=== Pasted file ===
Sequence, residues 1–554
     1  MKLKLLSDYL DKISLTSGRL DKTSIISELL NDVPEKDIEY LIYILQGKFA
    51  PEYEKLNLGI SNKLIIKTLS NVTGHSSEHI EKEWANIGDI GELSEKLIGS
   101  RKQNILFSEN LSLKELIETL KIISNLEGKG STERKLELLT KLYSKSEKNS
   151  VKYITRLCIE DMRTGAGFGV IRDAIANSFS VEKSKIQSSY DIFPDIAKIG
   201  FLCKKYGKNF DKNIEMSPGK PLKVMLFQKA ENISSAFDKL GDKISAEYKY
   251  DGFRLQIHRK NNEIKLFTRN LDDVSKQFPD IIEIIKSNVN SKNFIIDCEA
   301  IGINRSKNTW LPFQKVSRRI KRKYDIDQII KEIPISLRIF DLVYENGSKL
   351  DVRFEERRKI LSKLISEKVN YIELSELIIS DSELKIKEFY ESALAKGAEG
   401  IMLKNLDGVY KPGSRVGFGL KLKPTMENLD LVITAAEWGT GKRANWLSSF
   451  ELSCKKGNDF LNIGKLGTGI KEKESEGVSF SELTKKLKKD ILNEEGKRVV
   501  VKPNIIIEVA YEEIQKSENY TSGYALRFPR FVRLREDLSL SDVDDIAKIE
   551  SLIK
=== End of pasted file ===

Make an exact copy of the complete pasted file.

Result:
Sequence, residues 1–554
     1  MKLKLLSDYL DKISLTSGRL DKTSIISELL NDVPEKDIEY LIYILQGKFA
    51  PEYEKLNLGI SNKLIIKTLS NVTGHSSEHI EKEWANIGDI GELSEKLIGS
   101  RKQNILFSEN LSLKELIETL KIISNLEGKG STERKLELLT KLYSKSEKNS
   151  VKYITRLCIE DMRTGAGFGV IRDAIANSFS VEKSKIQSSY DIFPDIAKIG
   201  FLCKKYGKNF DKNIEMSPGK PLKVMLFQKA ENISSAFDKL GDKISAEYKY
   251  DGFRLQIHRK NNEIKLFTRN LDDVSKQFPD IIEIIKSNVN SKNFIIDCEA
   301  IGINRSKNTW LPFQKVSRRI KRKYDIDQII KEIPISLRIF DLVYENGSKL
   351  DVRFEERRKI LSKLISEKVN YIELSELIIS DSELKIKEFY ESALAKGAEG
   401  IMLKNLDGVY KPGSRVGFGL KLKPTMENLD LVITAAEWGT GKRANWLSSF
   451  ELSCKKGNDF LNIGKLGTGI KEKESEGVSF SELTKKLKKD ILNEEGKRVV
   501  VKPNIIIEVA YEEIQKSENY TSGYALRFPR FVRLREDLSL SDVDDIAKIE
   551  SLIK